Defense Advanced Research Projects AgencyOur Research

Our Research

DARPA’s investment strategy begins with a portfolio approach. Reaching for outsized impact means taking on risk, and high risk in pursuit of high payoff is a hallmark of DARPA’s programs. We pursue our objectives through hundreds of programs. By design, programs are finite in duration while creating lasting revolutionary change. They address a wide range of technology opportunities and national security challenges. This assures that while individual efforts might fail—a natural consequence of taking on risk—the total portfolio delivers. More

For reference, past DARPA research programs can be viewed in the Past Programs Archive.

The Understanding Group Biases (UGB) program seeks to develop and prove out capabilities that can radically enhance the scale, speed, and scope of automated, ethnographic-like methods for capturing group biases and cultural models from increasingly available large digital datasets. More
Urban Reconnaissance through Supervised Autonomy (URSA) is a DARPA program to enable improved techniques for rapidly discriminating hostile intent and filtering out threats in complex urban environments. More
Successful integration of next generation AI into DoD applications must be able to deal with incomplete, sparse and noisy data as well as unexpected circumstances that might arise while solving real world problems. Thus, there is a need for new computing models that are efficient and robust, can learn new concepts with very few examples, and can guide the development of adequate novel hardware to support them. More
The low cost of digital imaging devices has allowed them to become ubiquitous consumer products. This low cost is made possible by leveraging a mature complementary metal oxide semiconductor (CMOS) processing infrastructure and the ability to fabricate complete focal plane arrays (FPAs) at the wafer scale. A similar trend is occurring at a smaller scale with thermal imaging technologies. Microbolometers that are sensitive in the LWIR spectrum are also manufactured at the wafer scale and the resulting cost reduction is enabling thermal imagers at consumer-grade price points. More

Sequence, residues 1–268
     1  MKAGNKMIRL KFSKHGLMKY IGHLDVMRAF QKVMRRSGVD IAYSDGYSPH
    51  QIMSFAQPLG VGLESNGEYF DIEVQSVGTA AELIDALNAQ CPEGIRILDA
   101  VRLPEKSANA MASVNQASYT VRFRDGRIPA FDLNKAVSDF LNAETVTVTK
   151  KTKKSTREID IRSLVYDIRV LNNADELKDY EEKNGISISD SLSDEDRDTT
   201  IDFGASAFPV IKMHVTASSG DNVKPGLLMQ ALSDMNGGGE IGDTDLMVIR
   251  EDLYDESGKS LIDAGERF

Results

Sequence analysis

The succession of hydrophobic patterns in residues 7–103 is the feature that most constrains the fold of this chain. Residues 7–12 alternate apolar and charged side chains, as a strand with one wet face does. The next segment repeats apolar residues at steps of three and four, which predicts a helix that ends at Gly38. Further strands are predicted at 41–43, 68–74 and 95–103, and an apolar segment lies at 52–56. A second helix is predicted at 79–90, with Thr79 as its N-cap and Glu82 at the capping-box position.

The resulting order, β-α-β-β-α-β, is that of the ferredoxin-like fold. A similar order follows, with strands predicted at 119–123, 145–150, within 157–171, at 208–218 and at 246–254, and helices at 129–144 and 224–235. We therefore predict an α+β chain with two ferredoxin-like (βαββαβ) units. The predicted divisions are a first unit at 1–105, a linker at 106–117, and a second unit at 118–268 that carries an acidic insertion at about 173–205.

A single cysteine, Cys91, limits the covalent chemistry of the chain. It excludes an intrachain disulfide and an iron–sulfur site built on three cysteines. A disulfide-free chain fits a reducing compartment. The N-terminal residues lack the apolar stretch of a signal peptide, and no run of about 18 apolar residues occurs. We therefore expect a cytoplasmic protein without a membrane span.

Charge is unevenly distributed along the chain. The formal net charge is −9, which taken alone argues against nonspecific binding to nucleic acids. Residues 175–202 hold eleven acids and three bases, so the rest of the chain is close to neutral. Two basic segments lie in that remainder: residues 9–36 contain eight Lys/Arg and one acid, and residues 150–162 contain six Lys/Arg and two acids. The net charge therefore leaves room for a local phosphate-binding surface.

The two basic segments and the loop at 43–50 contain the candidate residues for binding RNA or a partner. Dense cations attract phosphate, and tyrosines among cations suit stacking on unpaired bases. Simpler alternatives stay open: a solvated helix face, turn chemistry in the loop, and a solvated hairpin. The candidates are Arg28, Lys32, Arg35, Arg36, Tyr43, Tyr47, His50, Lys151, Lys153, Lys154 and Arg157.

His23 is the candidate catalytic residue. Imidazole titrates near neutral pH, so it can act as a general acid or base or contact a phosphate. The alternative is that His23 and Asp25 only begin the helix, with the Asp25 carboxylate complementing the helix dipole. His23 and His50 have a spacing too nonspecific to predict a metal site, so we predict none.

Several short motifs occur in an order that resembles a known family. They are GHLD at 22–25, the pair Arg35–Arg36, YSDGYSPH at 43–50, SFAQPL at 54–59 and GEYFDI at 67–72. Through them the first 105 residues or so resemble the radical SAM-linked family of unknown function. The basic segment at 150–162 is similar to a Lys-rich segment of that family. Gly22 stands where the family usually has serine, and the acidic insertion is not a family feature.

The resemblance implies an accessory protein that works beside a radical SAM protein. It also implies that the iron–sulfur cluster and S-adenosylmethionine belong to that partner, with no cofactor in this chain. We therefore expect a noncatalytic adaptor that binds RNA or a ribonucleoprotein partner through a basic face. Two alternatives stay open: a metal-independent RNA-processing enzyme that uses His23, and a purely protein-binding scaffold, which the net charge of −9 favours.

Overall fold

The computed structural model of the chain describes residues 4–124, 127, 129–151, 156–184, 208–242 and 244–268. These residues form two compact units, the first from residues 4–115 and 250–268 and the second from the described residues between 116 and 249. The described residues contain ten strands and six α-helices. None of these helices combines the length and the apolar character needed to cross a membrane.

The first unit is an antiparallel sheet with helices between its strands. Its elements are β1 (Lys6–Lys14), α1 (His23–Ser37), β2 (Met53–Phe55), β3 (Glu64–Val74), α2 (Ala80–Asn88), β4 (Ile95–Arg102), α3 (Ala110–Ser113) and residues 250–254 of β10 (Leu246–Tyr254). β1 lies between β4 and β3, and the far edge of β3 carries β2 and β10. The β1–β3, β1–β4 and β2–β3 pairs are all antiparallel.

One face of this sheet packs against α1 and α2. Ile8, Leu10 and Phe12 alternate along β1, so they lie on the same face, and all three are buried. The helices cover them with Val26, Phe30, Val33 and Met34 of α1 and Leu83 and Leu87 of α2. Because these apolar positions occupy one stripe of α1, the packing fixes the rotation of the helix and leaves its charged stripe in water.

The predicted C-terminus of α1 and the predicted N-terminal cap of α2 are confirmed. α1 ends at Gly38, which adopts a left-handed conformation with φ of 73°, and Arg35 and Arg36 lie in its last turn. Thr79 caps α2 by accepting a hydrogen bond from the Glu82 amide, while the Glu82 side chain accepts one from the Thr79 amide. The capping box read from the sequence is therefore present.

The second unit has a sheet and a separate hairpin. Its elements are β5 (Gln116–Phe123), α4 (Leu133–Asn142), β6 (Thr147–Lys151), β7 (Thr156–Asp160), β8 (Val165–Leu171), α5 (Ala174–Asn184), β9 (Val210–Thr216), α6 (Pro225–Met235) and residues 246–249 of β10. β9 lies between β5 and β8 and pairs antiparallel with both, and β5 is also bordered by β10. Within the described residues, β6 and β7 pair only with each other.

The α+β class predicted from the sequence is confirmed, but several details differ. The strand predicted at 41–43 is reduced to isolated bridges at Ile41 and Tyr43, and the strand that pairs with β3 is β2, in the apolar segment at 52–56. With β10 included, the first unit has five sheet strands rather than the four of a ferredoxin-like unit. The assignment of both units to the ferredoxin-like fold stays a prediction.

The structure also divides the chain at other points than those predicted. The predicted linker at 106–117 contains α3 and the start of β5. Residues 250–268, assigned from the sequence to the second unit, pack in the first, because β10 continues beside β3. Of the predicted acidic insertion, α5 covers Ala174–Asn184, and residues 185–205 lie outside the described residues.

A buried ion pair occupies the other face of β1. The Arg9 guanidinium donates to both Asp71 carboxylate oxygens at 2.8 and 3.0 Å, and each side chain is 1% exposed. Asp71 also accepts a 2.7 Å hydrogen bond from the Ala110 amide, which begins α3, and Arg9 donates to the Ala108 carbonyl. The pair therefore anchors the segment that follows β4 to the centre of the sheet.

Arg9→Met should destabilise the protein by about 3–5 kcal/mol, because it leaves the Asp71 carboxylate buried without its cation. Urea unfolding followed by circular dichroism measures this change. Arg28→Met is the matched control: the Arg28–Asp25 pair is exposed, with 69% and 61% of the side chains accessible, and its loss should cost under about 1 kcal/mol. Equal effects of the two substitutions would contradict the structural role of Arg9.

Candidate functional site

Currently, understanding and assessing the readiness of the warfighter involves medical intervention with the help of advanced equipment, such as electrocardiographs (EKGs) and other specialized medical devices, that are too expensive and cumbersome to employ continuously or without supervision in non-controlled environments. On the other hand, currently 92 percent of adults in the United States own a cell phone, which could be used as the basis for continuous, passive health, and readiness assessment. More
Over the last decade, wideband analog-to-digital converter (ADC) technology has improved in both bandwidth and resolution to a point that wideband RF sampling receivers are now a reality. However, wideband ADCs typically have less spur-free dynamic range as compared to their narrowband counterparts and are typically exposed to more signals simultaneously due to the wide bandwidth. Despite the advantages associated with more bandwidth, the dynamic range limitation can prevent the use of wideband receivers in multi-function applications that support wideband electromagnetic spectrum operations (EMSO). More
The World Modelers program aims to develop technology that integrates qualitative causal analyses with quantitative models and relevant data to provide a comprehensive understanding of complicated, dynamic national security questions. The goal is to develop approaches that can accommodate and integrate dozens of contributing models connected by thousands of pathways—orders of magnitude beyond what is possible today. More